Change Batch Size

We can also use .reshape() to set the batch size, by increasing the first element of new_shape. For example, to set a batch size of two, set new_shape = (2,3,544,544) in the cell above. If you only want to change the batch size, you can also set the batch_size property directly.

from openvino.inference_engine import IECore

ie = IECore()
segmentation_model_xml = "model/segmentation.xml"
segmentation_net = ie.read_network(model=segmentation_model_xml)
segmentation_input_layer = next(iter(segmentation_net.input_info))
segmentation_output_layer = next(iter(segmentation_net.outputs))
segmentation_net.batch_size = 2
segmentation_exec_net = ie.load_network(network=segmentation_net, device_name="CPU")

print(f"input layout: {segmentation_net.input_info[segmentation_input_layer].layout}")
print(f"input shape: {segmentation_net.input_info[segmentation_input_layer].tensor_desc.dims}")
print(f"output shape: {segmentation_net.outputs[segmentation_output_layer].shape}")
input layout: NCHW
input shape: [2, 3, 512, 512]
output shape: [2, 1, 512, 512]

The output shows that by setting the batch size to 2, the first element (N) of the input and output shape now has a value of 2. Let’s see what happens if we propagate our input image through the network:

import numpy as np
from openvino.inference_engine import IECore

ie = IECore()
segmentation_model_xml = "model/segmentation.xml"
segmentation_net = ie.read_network(model=segmentation_model_xml)
segmentation_input_layer = next(iter(segmentation_net.input_info))
segmentation_output_layer = next(iter(segmentation_net.outputs))
input_data = np.random.rand(*segmentation_net.input_info[segmentation_input_layer].tensor_desc.dims)
segmentation_net.batch_size = 2
segmentation_exec_net = ie.load_network(network=segmentation_net, device_name="CPU")
result_batch = segmentation_exec_net.infer({segmentation_input_layer: input_data})

print(f"input data shape: {input_data.shape}")
print(f"result data data shape: {result_batch[segmentation_output_layer].shape}")
input data shape: (1, 3, 512, 512)
result data data shape: (2, 1, 512, 512)

The output shows that if batch_size is set to 2, the network output will have a batch size of 2, even if only one image was propagated through the network. Regardless of batch size, you can always do inference on one image. In that case, only the first network output contains meaningful information.

Verify that inference on two images works by creating random data with a batch size of 2:

import numpy as np
from openvino.inference_engine import IECore

ie = IECore()
segmentation_model_xml = "model/segmentation.xml"
segmentation_net = ie.read_network(model=segmentation_model_xml)
segmentation_input_layer = next(iter(segmentation_net.input_info))
segmentation_output_layer = next(iter(segmentation_net.outputs))
segmentation_net.batch_size = 2
input_data = np.random.rand(*segmentation_net.input_info[segmentation_input_layer].tensor_desc.dims)
segmentation_exec_net = ie.load_network(network=segmentation_net, device_name="CPU")
result_batch = segmentation_exec_net.infer({segmentation_input_layer: input_data})

print(f"input data shape: {input_data.shape}")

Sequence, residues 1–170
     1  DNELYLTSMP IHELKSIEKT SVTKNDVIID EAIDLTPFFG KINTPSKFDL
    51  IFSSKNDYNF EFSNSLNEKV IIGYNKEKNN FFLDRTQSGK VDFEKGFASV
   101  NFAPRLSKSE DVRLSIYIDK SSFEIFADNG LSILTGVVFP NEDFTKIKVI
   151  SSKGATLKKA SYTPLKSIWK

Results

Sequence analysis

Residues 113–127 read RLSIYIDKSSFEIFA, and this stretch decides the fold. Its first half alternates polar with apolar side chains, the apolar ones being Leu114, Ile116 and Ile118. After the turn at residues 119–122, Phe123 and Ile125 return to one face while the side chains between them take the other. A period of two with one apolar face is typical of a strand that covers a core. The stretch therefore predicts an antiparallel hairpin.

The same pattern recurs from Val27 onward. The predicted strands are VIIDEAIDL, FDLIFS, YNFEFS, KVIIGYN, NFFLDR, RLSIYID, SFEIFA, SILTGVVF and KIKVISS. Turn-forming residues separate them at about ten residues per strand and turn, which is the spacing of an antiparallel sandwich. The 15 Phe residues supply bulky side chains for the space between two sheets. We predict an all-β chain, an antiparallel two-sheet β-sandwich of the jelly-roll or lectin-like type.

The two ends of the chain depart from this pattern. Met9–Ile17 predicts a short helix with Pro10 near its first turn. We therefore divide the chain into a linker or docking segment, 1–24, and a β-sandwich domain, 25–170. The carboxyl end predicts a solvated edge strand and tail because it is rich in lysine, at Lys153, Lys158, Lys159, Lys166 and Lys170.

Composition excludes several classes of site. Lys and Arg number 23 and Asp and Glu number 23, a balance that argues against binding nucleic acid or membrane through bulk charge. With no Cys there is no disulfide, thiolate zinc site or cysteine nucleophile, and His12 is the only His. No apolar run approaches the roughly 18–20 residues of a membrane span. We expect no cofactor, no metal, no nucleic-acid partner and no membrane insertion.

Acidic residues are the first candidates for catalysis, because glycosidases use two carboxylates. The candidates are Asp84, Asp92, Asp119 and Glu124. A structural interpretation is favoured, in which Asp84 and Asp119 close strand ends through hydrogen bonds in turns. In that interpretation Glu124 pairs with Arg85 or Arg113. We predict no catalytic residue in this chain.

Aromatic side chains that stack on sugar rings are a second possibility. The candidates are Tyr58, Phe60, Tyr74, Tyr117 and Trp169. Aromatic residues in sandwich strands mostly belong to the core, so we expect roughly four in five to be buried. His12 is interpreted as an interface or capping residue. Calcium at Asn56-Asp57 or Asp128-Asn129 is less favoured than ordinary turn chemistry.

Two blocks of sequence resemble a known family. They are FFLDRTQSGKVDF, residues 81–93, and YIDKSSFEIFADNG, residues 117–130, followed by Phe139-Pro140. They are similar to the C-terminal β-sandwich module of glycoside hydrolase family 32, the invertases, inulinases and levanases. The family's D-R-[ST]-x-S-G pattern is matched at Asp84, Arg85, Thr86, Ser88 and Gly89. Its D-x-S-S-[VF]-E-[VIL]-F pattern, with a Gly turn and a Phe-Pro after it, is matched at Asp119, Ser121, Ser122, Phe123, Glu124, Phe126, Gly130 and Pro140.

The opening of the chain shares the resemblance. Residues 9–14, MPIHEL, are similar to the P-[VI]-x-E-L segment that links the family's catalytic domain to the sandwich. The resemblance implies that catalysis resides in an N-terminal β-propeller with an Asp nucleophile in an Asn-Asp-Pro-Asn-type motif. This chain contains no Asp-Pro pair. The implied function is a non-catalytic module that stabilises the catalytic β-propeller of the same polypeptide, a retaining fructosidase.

print(f"result data shape: {result_batch[segmentation_output_layer].shape}")
input data shape: (2, 3, 512, 512)
result data shape: (2, 1, 512, 512)

Caching a Model

For some devices, like GPU, loading a model can take some time. Model Caching solves this issue by caching the model in a cache directory. If ie.set_config({"CACHE_DIR": cache_dir}, device_name=device_name) is set, caching will be used. This option checks if a model exists in the cache. If so, it loads it from the cache. If not, it loads the model regularly, and stores it in the cache, so that the next time the model is loaded when this option is set, the model will be loaded from the cache.

In the cell below, we create a model_cache directory as a subdirectory of model, where the model will be cached for the specified device. The model will be loaded to the GPU. After running this cell once, the model will be cached, so subsequent runs of this cell will load the model from the cache. Note: Model Caching is not available on CPU devices

import time
from pathlib import Path

from openvino.inference_engine import IECore

ie = IECore()

device_name = "GPU"  # Model Caching is not available for CPU

if device_name in ie.available_devices and device_name != "CPU":
    cache_path = Path("model/model_cache")
    cache_path.mkdir(exist_ok=True)
    # Enable caching for Inference Engine. Comment out this line to disable caching
    ie.set_config({"CACHE_DIR": str(cache_path)}, device_name=device_name)

    classification_model_xml = "model/classification.xml"
    net = ie.read_network(model=classification_model_xml)

    start_time = time.perf_counter()
    exec_net = ie.load_network(network=net, device_name=device_name)
    end_time = time.perf_counter()
    print(f"Loading the network to the {device_name} device took {end_time-start_time:.2f} seconds.")
else:
    print("Model caching is not available on CPU devices.")
Model caching is not available on CPU devices.

After running the previous cell, we know the model exists in the cache directory. We delete exec net and load it again, and measure the time it takes now.

if device_name in ie.available_devices and device_name != "CPU":
    del exec_net
    start_time = time.perf_counter()
    exec_net = ie.load_network(network=net, device_name=device_name)
    end_time = time.perf_counter()
    print(f"Loading the network to the {device_name} device took {end_time-start_time:.2f} seconds.")